36. 36. SOCIAL CURRICULUM <ul><li>Morning meeting A daily routine that builds community, creates a positive climate for learning, and reinforces academic and social skills </li></ul>Photo Credit: Jefferson County Public Schools
    37. 37. MORNING MEETING AND CHECK-IN MEETING <ul><li>Morning meeting </li></ul><ul><li>Sets the tone for respectful learning </li></ul><ul><li>Establishes a climate of trust </li></ul><ul><li>Check-in meeting </li></ul><ul><li>Brings a supportive closure to the day </li></ul>Photo Credit: Jefferson County Public Schools
    38. 38. CLASS MEETINGS <ul><li>A forum where students and teachers can come together as a class to get to know one another, reflect, problem solve, and make decisions </li></ul>Photo Credit: Jefferson County Public Schools
    39. 39. DEVELOPMENTAL DISCIPLINE <ul><li>Intervention strategies that involve logical consequences for behavior </li></ul><ul><li>Students learn self-awareness and self-control </li></ul><ul><li>Emphasis on relationships, modeling, skill development, and personal responsibility </li></ul>Photo Credit: Jefferson County Public Schools
    40. 40. CROSS-AGE MENTORING <ul><li>Matches every older student with a younger buddy for collaborative learning activities facilitated by teachers </li></ul>Photo Credit: Jefferson County Public Schools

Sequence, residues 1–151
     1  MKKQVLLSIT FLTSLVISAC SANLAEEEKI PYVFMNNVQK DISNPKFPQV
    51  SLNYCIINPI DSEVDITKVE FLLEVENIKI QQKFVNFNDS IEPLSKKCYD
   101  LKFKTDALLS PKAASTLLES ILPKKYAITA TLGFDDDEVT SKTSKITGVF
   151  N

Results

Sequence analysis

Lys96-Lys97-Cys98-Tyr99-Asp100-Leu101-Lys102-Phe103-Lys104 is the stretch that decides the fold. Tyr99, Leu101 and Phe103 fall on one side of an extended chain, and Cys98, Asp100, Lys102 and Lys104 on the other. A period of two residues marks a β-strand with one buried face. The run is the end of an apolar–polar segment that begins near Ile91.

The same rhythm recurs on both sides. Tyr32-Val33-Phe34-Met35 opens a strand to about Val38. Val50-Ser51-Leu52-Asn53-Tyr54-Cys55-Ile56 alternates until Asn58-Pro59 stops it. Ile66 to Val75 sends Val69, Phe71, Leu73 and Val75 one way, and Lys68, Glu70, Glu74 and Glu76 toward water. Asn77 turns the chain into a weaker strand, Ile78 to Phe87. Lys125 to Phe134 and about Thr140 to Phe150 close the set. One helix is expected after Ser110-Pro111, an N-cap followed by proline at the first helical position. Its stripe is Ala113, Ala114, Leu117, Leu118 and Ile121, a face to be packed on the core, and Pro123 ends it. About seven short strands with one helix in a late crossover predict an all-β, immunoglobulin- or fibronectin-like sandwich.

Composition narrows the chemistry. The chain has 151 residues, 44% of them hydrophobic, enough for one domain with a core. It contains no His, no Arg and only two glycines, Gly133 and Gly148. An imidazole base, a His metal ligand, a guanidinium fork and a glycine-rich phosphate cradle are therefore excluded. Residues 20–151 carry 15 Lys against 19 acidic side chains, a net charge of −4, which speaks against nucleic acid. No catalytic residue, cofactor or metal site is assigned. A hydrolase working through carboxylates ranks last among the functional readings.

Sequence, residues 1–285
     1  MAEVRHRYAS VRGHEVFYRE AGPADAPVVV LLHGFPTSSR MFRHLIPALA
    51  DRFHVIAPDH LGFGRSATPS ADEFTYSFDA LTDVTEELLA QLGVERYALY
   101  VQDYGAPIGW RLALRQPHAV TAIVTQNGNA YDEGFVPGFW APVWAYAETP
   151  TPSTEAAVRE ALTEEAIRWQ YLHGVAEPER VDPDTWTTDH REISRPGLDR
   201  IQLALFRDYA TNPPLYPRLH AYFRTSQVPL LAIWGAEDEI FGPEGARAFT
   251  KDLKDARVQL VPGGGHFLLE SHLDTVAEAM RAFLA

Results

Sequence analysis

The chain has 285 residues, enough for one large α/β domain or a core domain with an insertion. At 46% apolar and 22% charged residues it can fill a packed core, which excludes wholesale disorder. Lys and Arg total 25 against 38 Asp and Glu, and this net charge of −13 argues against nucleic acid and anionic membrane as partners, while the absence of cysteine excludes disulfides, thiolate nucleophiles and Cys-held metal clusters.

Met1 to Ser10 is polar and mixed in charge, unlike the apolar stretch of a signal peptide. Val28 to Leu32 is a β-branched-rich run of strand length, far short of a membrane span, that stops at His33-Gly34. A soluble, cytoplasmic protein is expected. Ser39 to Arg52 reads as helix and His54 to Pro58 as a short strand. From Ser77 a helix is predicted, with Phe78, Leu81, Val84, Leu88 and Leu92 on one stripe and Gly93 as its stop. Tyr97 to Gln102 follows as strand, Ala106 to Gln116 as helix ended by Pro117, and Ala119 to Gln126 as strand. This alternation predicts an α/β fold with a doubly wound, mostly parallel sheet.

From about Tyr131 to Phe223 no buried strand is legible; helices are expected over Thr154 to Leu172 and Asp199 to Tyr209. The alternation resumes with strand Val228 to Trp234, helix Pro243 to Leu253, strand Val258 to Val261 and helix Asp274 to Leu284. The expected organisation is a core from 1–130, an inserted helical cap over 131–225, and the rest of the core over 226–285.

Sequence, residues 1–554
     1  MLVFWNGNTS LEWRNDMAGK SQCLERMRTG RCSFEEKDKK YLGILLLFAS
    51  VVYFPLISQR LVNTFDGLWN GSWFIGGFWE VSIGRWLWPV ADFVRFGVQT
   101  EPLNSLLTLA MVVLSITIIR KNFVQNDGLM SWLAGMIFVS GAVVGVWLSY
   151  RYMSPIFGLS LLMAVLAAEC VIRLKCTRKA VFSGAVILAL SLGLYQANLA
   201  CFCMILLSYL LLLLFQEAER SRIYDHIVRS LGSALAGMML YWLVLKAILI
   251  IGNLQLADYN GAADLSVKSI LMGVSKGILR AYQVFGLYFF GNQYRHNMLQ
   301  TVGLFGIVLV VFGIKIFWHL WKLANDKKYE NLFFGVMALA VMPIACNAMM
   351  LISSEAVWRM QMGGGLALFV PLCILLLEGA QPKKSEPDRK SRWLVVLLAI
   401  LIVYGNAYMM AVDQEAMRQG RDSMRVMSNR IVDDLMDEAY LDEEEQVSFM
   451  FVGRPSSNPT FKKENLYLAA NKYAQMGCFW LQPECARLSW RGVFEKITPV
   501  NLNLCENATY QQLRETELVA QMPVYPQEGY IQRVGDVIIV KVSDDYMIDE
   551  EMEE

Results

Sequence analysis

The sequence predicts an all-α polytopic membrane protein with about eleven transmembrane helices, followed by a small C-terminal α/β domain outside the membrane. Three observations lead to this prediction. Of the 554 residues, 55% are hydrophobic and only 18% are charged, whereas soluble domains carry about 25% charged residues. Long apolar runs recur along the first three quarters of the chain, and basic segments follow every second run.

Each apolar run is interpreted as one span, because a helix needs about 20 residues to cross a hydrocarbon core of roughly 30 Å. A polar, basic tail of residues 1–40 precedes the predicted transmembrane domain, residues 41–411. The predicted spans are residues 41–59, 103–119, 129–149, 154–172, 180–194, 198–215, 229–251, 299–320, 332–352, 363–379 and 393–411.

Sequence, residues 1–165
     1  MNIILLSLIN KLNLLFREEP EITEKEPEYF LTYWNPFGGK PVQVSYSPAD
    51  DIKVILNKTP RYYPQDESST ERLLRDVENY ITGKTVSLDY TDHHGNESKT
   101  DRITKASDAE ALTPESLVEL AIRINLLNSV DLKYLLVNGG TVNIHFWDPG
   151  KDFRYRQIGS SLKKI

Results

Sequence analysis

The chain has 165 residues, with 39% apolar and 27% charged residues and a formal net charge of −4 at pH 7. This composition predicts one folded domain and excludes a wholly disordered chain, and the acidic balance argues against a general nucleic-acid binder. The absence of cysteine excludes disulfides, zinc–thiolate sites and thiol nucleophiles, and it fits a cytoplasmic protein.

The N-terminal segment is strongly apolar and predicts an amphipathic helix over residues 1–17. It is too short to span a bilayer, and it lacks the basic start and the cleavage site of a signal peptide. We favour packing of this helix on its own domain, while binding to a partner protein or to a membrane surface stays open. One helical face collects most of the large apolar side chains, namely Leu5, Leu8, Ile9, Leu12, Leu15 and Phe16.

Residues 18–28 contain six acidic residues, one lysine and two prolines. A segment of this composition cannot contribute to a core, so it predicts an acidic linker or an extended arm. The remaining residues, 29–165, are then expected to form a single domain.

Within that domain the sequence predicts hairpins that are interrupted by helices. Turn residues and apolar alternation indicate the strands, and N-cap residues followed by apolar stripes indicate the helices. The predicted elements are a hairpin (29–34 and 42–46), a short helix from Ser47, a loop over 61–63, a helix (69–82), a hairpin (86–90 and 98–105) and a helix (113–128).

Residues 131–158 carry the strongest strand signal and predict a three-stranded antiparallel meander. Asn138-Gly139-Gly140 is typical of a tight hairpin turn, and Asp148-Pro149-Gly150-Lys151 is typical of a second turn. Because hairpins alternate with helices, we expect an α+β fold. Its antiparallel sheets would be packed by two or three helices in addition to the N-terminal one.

41. 41. CULTURAL COMPETENCY <ul><li>Builds teachers’ capacity to communicate effectively with students from diverse backgrounds and helps teachers understand how different values intersect </li></ul>Photo Credit: Jefferson County Public Schools
    42. 42. HOME-TO-SCHOOL ACTIVITIES <ul><li>Stimulate conversations between students and family members </li></ul><ul><li>Link home and school </li></ul>Photo Credit: Jefferson County Public Schools
    43. 43. SCHOOL-WIDE COMMUNITY-BUILDING ACTIVITIES <ul><li>Designed to link students, parents, teachers, and other adults in the school </li></ul><ul><li>Focus on inclusion, participation, cooperation, helping others, appreciating differences, and reflection </li></ul>Photo Credit: Jefferson County Public Schools
    44. 45. IMPLEMENTING A K-12 PROGRAM <ul><li>Professional development </li></ul><ul><li>Curriculum planning time </li></ul><ul><li>In-class support </li></ul><ul><li>Teacher leadership </li></ul><ul><li>Student-leadership development </li></ul><ul><li>Administrative mandate and support </li></ul><ul><li>School board support </li></ul><ul><li>Recognition </li></ul>Photo Credit: Jefferson County Public Schools
    45. 46. SEL AND THE ENGAGED LEARNER <ul><li>Not only are young people more engaged in their learning but they also begin to </li></ul><ul><li>understand the meaning of the common good, </li></ul><ul><li>appreciate that their actions have consequences for others and the community at large, </li></ul><ul><li>develop a sense of relatedness to and responsibility for the larger human community. </li></ul>
    46. 47. CARE FOR KIDS: YEAR 1 OUTCOMES STUDENT PERCEPTIONS
    47. 48. CARE FOR KIDS: YEAR 1 OUTCOMES STUDENT ACHIEVEMENT